Second secret, then: knowing what to practice.  There are a ton of tutorials out there on on the interwebs of knowledge for using GIMP.  Generally, when I'm looking for something specific, I'll just search Google for it: "GIMP perspective tool" or "GIMP color curves."  After watching a few videos, I practice as described above.

Problem is, you have to start somewhere, right?  It's not like most people downloading GIMP the first time even know what a color curve is.  That's where basic tutorials come in.  There are some on the GIMP site (, and on the GIMP FAQ page ( though, to be honest, I haven't spent much time there because there's so much other stuff out there.

Backing up a bit--GIMP is an open source graphics manipulator.  That means a lot of things, most too wordy to go into here.  For the newbie learning GIMP, though, it means that there is an entire community out there both developing new snippets (plug-ins) of code to do stuff with, and also creating good (more or less, anyway) teaching videos to help us figure the application out.

Videos like what? I'm sure you're asking.  You are, right?

Here are some of the sites I've been to: - the best one I've found.  I keep going back and learning more every chance I get.  Some of the tutorials he has listed are now unavailable, but what is there is first-rate. - For all of the text effect geeks like me, is a yummy tutorial - another one for text effect geeks.  I swear, some day I'll find a use for that "super-glowy" one.  It's super easy, too, which is a bonus, and he uses different tools than some of the other tutorial creators. - Love the rifts look. - and then there's the joy of going directly to Youtube and searching.  This is a generic search for GIMP; for specific topics you can get more wordy in the Search box. - How to cut out a person in GIMP (and thus change backgrounds!).  And--Will Smith on grass.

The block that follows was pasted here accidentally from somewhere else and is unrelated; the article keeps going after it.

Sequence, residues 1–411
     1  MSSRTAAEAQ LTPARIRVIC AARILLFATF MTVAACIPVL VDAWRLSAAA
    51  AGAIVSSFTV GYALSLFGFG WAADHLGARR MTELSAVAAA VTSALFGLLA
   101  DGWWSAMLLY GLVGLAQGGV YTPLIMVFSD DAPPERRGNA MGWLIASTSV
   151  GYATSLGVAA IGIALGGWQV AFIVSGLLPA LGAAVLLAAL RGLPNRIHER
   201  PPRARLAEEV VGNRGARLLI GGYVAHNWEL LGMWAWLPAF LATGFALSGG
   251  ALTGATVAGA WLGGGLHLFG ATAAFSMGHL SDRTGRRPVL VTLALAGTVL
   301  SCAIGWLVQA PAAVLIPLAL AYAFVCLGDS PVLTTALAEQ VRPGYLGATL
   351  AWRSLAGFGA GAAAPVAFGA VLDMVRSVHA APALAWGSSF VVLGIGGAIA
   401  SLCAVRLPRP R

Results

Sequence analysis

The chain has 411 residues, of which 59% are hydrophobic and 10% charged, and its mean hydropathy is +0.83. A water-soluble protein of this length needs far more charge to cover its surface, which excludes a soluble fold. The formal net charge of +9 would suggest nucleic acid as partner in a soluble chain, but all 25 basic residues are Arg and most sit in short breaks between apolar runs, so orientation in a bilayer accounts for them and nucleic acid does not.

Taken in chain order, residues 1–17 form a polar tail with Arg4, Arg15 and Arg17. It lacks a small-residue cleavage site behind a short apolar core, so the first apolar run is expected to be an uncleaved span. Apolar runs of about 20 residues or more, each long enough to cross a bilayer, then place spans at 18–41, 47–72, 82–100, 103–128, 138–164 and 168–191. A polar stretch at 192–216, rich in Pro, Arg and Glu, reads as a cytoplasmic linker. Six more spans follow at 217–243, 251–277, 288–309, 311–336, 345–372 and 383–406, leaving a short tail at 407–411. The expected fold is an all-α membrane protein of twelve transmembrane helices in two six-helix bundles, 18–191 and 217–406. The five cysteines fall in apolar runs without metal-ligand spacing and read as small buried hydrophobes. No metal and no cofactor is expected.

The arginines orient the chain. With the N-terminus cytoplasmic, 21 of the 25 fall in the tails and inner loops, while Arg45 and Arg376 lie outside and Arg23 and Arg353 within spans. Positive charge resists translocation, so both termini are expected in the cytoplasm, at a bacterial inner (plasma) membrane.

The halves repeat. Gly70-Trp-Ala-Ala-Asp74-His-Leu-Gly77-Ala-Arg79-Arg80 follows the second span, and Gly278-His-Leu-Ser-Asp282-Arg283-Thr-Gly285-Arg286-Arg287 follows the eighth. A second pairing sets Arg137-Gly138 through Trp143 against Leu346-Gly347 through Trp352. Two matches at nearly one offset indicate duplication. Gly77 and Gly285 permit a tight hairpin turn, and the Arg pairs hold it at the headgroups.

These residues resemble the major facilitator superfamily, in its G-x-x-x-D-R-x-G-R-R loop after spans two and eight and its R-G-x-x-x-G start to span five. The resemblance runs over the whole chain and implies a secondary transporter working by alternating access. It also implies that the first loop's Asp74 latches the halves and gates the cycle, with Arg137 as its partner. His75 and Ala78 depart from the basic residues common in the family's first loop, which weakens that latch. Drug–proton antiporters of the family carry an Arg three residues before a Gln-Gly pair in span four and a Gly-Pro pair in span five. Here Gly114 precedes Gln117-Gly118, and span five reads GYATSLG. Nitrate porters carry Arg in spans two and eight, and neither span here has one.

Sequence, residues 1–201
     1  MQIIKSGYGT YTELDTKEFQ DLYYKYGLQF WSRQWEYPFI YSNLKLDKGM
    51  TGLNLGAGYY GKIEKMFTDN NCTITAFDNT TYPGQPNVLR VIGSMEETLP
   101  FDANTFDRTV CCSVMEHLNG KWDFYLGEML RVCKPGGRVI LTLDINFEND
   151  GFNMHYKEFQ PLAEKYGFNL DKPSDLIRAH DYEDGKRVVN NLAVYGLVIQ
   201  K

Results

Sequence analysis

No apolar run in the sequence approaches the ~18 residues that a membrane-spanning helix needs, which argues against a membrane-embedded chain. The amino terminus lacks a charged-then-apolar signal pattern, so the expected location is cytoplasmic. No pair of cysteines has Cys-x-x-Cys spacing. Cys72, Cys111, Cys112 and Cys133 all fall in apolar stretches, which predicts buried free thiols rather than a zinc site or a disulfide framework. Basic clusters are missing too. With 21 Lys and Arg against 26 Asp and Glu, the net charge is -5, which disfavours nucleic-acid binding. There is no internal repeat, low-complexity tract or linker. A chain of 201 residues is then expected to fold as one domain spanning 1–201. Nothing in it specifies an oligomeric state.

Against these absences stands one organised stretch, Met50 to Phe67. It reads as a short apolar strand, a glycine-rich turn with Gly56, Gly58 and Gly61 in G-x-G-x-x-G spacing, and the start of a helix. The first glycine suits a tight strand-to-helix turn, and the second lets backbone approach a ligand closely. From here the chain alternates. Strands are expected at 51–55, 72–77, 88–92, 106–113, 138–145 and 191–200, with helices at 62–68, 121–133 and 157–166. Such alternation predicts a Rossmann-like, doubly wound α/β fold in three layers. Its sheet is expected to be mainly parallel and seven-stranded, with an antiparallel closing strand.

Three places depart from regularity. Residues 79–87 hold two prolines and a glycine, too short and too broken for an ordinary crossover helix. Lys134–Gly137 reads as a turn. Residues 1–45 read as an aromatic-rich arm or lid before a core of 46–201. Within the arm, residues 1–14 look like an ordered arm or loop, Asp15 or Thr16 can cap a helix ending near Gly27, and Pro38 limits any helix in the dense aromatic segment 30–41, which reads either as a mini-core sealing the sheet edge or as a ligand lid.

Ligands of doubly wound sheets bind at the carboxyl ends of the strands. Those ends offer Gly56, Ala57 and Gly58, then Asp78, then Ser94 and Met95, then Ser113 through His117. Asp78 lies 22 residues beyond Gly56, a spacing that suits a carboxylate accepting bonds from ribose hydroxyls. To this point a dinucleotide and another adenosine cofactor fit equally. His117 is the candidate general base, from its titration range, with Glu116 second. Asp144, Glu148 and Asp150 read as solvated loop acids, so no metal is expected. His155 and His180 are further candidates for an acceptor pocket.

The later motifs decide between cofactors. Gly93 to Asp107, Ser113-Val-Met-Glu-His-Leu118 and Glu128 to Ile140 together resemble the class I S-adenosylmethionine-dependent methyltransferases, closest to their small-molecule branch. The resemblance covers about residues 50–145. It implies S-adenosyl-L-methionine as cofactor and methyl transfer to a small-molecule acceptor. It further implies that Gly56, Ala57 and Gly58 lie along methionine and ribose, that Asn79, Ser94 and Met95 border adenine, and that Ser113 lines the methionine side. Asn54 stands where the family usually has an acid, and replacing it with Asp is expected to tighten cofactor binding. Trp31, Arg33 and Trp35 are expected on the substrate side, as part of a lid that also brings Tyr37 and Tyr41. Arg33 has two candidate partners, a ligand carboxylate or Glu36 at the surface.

Now, let me say a word or two about the last one, just 'cause.  Dude doesn't have the best voice for making videos, true, but then again, you get what you pay for, right?  Also, Dude doesn't do it perfectly, but to his credit he points that out himself and tells you how to fix it (or you can just take more time in selecting and thus do it perfectly).  You'll find that's a fairly common thing in free tutorials, in fact.  Dude also leaves out a step that other videos suggest: blurring the edges for more visual continuity (that's why you should watch more than one video on a topic, if possible).

Most important, though: Dude violates copyright law, if he then uses this as an author is going to by smacking it onto a book cover.  Again, he says it himself in the commentary, and he's not planning to use it commercially, so no harm and no foul by him, but all along the way we authors have to make sure to use, even in bits and pieces, only the images, fonts, and backgrounds that we have the rights to use in a commercial work. 

Hope all this helps!